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Samsung Galaxy Fame Review

By Kevin Thomas on 11th June 2013


3G Total Score

Pros : Decent outdoor shots from snapper; Compact design; support for NFC.

Cons : Laggy performance; Low-res small screen; Keyboard gripes.

Verdict : Samsung’s Galaxy Fame doesn’t really offer enough for the price. The small display is low-res, and performance is disappointing. Battery life is mediocre – and there are better handsets out there for the money.

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Full Review and Specification for the Samsung Galaxy Fame

Samsung has brought out the Galaxy Fame, a mid-range Android handset that fails to impress. Despite the fact that the five-megapixel snapper performs well, especially outdoors, there are better handsets available for the same price. Mind you, if you don’t want one of those big five-inch handsets (such as the Samsung Galaxy S 4), you might like the neat, compact chassis, which fits nicely in smaller hands, and bags and pockets.

 

When it comes to design, the Galaxy Fame is pretty much what you’d expect from Samsung. It has a full glass front, and a shiny back panel, with a silver plastic rim separating the two. It is a tad chunky, but only weighs 121g – and feels like it’s solid enough to take a few knocks.

 

Small screen star

The screen measures a neat 3.5 inches – pretty small compared with the likes of the Sony Xperia 4 and Galaxy S 4, but it’s fine for playing with apps or surfing the net. But viewing angles disappoint and it has a low resolution, which means you’ll have to zoom right in if you want to read text. Nor is the touchscreen as responsive as we’d like. We much preferred the screen on the LG Optimus L5 II and surfing the net was a far more enjoyable experience on the Huawei Ascend G510. Mind you, the screen is really bright, and manages to counter the glare from harsh sunlight. 

 

The small display is a problem with the virtual keyboard, which is really cramped, especially when in portrait mode. We found we mis-typed a lot, so ended up using the phone in landscape mode. Swype also made inputting easier. Swype allows the user to drag their digit from letter to letter and only lift the finger off the screen when the word is finished. Sometimes it doesn’t get it right though, and you have to go back and correct it.

 

It’s also rather a nuisance that the keyboard takes up much of the display, especially if you’re bashing out an email, so you have to go back out of it to look at earlier messages. Predictive text didn’t work too well – when we tapped a suggested word, it would appear in the middle of another sentence, so we stopped using it after that.

 

While we have already said that the phone is not great value in a lot of ways, one of its good points is that it offers support for NFC. This means it is possible to transfer media wirelessly, as well as contact details and other data between other NFC devices. Samsung has included its S Beam software to make sure that works easily.

 

Very Jelly

 

The Fame is running Google’s Android 4.1.2 Jelly Bean, and Samsung hasn’t fiddled with it too much. There are seven pages on offer where you can include bookmarks, widgets and app shortcuts – and quite a few apps come preloaded. There’s ChatON, for example, which lets you send instant messages to other users; the personal organised S Planner will help you keep your life in order. There are some other nifty features too – stop your phone ringing by popping it facedown on the desk, for example.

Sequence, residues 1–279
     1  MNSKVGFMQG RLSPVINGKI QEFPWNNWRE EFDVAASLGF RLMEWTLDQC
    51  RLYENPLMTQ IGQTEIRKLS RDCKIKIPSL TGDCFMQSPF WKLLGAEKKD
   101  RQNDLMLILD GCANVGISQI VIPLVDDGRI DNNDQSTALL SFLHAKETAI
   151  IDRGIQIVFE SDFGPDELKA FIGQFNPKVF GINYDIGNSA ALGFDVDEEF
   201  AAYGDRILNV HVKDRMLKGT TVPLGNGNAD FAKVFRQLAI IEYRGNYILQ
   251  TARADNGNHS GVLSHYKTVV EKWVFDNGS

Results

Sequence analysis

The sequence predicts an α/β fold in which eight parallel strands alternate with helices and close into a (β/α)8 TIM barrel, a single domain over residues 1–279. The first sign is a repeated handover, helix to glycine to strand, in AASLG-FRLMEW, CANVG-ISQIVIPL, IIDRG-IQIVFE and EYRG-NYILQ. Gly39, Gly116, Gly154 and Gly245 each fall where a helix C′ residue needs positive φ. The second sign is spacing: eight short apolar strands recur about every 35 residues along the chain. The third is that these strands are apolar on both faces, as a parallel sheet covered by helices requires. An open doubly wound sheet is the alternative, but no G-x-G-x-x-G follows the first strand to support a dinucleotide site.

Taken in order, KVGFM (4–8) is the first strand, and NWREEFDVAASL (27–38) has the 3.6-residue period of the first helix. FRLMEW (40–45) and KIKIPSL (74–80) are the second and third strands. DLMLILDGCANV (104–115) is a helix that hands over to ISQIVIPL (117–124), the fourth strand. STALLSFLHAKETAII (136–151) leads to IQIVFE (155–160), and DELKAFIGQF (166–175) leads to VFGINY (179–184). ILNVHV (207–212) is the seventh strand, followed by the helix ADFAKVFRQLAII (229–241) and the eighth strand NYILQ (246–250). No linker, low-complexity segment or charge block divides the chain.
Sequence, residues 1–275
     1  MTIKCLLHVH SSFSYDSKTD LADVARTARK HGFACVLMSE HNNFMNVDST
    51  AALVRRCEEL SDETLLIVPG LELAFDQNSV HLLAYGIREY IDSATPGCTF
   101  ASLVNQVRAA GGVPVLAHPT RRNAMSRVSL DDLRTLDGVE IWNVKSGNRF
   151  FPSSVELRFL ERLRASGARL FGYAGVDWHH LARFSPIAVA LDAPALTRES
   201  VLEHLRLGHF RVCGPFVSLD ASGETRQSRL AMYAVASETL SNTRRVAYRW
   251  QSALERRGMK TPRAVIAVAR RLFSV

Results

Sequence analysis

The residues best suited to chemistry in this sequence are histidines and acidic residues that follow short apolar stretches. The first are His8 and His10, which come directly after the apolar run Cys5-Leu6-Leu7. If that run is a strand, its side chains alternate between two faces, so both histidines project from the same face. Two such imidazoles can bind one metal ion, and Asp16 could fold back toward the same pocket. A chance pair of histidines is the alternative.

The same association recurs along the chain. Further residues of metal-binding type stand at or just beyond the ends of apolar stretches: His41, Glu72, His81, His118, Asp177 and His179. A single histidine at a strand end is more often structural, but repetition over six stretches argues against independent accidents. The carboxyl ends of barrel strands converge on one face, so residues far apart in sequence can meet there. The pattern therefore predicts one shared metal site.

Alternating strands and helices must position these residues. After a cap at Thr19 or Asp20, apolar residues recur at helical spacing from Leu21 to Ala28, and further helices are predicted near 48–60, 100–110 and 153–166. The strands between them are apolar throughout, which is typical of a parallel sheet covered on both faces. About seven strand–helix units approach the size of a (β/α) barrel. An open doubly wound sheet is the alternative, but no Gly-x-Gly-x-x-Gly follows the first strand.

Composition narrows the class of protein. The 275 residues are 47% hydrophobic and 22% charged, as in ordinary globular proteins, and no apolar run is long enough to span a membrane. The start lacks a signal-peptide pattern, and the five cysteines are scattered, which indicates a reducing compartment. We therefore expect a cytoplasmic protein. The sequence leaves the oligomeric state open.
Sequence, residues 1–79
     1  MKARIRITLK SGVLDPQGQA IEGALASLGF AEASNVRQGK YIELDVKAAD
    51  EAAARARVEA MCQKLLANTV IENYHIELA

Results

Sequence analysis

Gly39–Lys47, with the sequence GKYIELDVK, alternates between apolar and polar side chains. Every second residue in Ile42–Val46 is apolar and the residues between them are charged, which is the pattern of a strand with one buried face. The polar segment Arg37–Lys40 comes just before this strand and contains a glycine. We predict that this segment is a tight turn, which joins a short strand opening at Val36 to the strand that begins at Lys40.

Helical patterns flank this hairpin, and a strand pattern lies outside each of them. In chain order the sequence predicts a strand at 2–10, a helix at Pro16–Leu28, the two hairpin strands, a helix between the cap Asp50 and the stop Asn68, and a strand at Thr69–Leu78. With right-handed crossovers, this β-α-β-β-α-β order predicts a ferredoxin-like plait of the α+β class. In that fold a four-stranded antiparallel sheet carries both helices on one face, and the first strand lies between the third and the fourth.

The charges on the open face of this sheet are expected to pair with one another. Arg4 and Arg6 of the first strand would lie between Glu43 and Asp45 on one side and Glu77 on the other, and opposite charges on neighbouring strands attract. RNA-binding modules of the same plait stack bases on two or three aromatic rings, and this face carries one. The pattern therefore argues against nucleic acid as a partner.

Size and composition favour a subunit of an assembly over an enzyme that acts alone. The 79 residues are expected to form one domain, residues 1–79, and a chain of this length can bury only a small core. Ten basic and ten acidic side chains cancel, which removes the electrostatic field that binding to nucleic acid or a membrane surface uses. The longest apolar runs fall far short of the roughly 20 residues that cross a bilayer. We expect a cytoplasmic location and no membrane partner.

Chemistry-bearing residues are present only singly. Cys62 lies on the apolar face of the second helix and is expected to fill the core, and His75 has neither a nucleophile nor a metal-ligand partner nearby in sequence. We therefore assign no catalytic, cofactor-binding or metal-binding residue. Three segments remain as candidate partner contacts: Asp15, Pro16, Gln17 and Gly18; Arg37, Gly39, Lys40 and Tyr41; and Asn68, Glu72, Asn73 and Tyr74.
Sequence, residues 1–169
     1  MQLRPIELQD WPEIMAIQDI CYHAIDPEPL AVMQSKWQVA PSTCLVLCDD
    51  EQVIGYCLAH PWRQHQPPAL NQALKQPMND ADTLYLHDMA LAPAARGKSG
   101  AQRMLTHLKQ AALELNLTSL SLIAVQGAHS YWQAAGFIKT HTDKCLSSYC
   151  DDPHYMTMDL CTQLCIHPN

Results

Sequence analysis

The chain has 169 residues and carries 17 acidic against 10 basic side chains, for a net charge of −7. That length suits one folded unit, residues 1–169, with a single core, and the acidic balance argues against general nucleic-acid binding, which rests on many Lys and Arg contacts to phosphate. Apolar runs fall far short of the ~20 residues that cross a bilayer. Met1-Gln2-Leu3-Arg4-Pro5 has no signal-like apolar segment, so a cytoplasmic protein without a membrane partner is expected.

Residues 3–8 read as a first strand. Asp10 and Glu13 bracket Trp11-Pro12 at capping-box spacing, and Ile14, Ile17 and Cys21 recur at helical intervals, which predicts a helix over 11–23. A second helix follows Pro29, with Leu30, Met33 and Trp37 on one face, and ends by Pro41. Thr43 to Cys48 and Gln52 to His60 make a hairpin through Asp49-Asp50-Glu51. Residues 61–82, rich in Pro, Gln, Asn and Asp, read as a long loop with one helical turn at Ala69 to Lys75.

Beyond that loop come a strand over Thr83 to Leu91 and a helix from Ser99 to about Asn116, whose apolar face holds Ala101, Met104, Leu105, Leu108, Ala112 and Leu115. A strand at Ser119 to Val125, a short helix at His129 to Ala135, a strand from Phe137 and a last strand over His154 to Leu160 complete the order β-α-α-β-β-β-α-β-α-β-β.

While Jelly Bean runs well, the phone does suffer from quite a bit of slowdown because of the 1GHz chip under the hood. You’ll only be able to play basic games smoothly – we tried running Vector, which is a simple 2D running game, and experienced crashes and stuttering.

 

Battery life is also disappointing – while you’ll get a couple of days if you just do basic tasks, video streaming sees it die after four and a half hours.

 

You can navigate Android using the physical home button – and there are back and home touch-sensitive buttons sitting under the display. These two only light up once they’re pushed, so make sure you remember which is which. The notification bar appears when you drag your finger down from the top of the display. Here you’ll see any alerts, and can toggle Wi-Fi and so on, off and on.

  

Basic snapper

The camera is a basic five-megapixel mode with LED flash. While shots taken indoors were blurry, outdoor shots were sharp and colourful when we looked at them on a monitor. There aren’t loads of features – you get smile modes, panorama mode and a few effects – and you can rotate and crop images before you share them. There is a front-facing lens for video chats and self-portraits.

 

3G's conclusion

The Samsung Galaxy Fame doesn’t offer enough for the price tag. Performance is rather slow, the small display is low-res and battery life is mediocre. However, you’ll get more for your money from the likes of the Huawei Ascend G510 and LG Optimus L5 II.

Get this phone.

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Samsung Galaxy Fame Review Scoring

  • Style and Handling
  • User Friendliness
  • Feature set
  • Performance
  • Battery
  • Overall Score

Samsung Galaxy Fame Phone Specification

Network 

HSPA 7.2/5.76   900/2100 

EDGE/GPRS     850/900/1800/1900

Processor

1 GHz processor

Display 

3.5” HVGA TFT

 

OS

 

Android 4.1 (Jelly Bean)

Camera

Main(Rear): 5-megapixel auto focus camera with LED flash

Sub(Front): VGA Camera

Connectivity

Bluetooth® v 4.0

USB 2.0

Wi-Fi 802.11 b/g/n

NFC(optional)

Sensor

Accelerometer, Digital Compass, Proximity

Memory

4GB Storage + 512MB (RAM)

microSD (up to 64GB)

Dimension

113.2 x 61.6 x 11.6 mm, 120.6 g

Battery

Standard battery, Li-ion 1,300mAh


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